A painted hand points to the word “Wisper” on a skateboard deck on display at the skate shop Bryce Schmitz operates in downtown Norfolk.
Despite its misspelling, the word has special meaning for Schmitz, which is why he used it to name the business he started a little more than a year ago: Wisper Skate Shop. And the skateboard deck on display is a tribute to the friendships that inspired Schmitz to open the store.
Wisper Skate Shop started operating at 121 N. Third St. in Norfolk a little over a year ago, but skateboarding captured Schmitz’s attention as a young boy.
“Growing up, I ended up watching ‘Rob & Big’ and ‘Viva La Bam’ — all of the skateboard shows on MTV. That really got me going,” said Schmitz, a 23-year-old Tilden native.
His friends also influenced his love of skateboarding and skater art. In his early teen years, Schmitz and a couple of his buddies from the Meadow Grove area would get together and draw T-shirt designs and create other works of art.
The group of friends called themselves Wisper.
“We just thought it was kind of a cool name,” he said. “We did it without the ‘H’. We just thought it was cool that way.”
One of Schmitz’s friends, Christian Mucker, sanded down the deck of an old skateboard and began drawing designs on it. Among those designs was a painted hand pointing to the word “Wisper.”
For nine years, Schmitz has kept the board in his possession, as well as a promise he made since the morning of his 14th birthday. That’s when Schmitz awoke to the news that Christian and another friend, Josh Hoile, had died as the result of an early-morning car accident at the intersection of 13th Street and Benjamin Avenue in Norfolk.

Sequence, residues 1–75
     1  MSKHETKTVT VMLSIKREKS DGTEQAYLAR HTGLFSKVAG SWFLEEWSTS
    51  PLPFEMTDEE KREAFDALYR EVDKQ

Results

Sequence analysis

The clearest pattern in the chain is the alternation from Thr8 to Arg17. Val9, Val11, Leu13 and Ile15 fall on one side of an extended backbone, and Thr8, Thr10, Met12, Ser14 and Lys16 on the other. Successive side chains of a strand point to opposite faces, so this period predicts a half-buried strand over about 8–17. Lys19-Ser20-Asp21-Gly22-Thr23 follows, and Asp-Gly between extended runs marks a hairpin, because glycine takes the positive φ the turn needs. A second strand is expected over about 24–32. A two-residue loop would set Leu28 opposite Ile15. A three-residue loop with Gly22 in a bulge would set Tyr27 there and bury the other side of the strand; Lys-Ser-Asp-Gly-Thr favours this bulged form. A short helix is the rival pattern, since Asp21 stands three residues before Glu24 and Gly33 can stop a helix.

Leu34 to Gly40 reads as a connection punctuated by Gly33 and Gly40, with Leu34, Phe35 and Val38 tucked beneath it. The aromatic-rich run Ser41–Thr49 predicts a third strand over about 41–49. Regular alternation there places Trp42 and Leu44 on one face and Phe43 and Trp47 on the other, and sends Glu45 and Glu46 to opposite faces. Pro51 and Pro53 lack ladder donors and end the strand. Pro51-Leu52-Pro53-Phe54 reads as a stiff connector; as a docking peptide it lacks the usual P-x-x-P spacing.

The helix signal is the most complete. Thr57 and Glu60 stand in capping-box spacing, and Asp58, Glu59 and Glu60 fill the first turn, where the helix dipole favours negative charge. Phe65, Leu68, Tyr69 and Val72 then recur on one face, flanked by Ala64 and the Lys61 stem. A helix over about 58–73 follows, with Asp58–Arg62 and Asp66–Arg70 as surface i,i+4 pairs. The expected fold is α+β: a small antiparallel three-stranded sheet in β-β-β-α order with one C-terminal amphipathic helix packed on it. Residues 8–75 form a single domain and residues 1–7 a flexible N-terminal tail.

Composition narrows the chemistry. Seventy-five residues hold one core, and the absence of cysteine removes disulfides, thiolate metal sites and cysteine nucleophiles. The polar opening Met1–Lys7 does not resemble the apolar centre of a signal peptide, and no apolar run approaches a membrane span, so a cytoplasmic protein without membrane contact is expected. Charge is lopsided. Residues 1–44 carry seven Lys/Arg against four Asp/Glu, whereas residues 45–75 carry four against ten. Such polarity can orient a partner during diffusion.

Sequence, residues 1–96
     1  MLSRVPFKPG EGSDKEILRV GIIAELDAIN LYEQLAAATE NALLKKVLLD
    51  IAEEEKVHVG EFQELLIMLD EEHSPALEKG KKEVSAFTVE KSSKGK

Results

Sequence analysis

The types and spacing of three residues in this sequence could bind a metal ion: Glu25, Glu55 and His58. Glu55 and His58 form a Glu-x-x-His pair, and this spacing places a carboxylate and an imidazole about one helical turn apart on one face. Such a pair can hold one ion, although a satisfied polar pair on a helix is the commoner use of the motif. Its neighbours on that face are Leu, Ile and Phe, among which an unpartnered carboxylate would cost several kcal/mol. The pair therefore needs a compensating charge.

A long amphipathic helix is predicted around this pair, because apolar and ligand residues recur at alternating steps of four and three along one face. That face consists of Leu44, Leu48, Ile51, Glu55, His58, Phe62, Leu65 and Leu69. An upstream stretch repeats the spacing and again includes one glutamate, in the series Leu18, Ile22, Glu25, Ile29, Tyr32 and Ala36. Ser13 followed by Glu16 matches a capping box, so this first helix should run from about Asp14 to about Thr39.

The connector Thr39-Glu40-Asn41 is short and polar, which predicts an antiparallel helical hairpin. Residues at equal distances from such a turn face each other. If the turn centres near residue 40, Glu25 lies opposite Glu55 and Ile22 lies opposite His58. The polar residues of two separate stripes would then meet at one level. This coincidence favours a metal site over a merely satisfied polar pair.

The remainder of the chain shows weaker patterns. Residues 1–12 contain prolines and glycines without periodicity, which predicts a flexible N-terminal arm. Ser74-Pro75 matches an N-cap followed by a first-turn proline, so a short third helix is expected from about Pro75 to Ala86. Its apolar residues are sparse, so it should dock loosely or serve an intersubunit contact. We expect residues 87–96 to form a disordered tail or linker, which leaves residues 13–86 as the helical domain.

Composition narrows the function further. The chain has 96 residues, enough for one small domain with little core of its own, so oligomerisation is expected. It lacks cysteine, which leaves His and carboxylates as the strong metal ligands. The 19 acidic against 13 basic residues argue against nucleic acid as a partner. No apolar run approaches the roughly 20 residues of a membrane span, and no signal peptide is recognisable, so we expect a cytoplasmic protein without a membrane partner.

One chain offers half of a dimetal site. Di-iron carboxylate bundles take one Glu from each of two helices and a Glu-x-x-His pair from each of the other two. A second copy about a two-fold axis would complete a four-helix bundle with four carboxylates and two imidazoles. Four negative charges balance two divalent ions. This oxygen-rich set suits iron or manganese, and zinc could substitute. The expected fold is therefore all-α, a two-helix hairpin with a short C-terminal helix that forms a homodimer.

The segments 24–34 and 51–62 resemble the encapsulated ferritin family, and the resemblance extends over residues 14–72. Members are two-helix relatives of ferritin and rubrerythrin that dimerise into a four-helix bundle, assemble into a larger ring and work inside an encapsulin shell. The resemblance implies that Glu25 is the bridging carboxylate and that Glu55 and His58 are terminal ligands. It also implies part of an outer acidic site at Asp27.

“I called the one’s brother, and we were crying our eyes out,” Schmitz said. “I ended up telling him that day that someday we were going to make Wisper into something. I never forgot about it.”
Schmitz has struggled since that morning in 2011. He tried classes in several different schools before he ended up finishing his education through home-schooling.
Heavy alcohol consumption also played a role in throwing his life off track — even after opening Wisper in April 2019, he said.
“I had a really bad problem with drinking. For the past six years, I was a heavy alcoholic, so we were off and on,” Schmitz said of the store’s hours. “We’d be open, but then we’d have to close for a little bit. A lot of it had to do with my drinking problem.”
Schmitz is still in the early stages of his sobriety. Last week, he marked four months without a drink. While he’s learning to take things day by day and moment by moment, Schmitz said his life appears to be getting back on track.
In addition to Wisper, Schmitz recently accepted a job at another Norfolk business, and he’s begun hosting a “Skate School” on Friday afternoons for beginning skateboarders at the shop.
“We’ve got a little mini ramp in the back room that we can have kids skate on,” he said.
He has help running the store — which is open Monday, Wednesday, Thursday and Friday, from 11 a.m. until 7 p.m., and Saturday from 11 a.m. to 5 p.m. — thanks to four others who share an interest in skateboarding. The shop carries skate-associated items and supports local artists.
Schmitz said he wants to make a positive difference in the world and feels he’s finally on the right path to do that, but he knows he has to take each day as it comes.
“I just never really saw myself getting this far,” he said. “I’m just thankful every day.”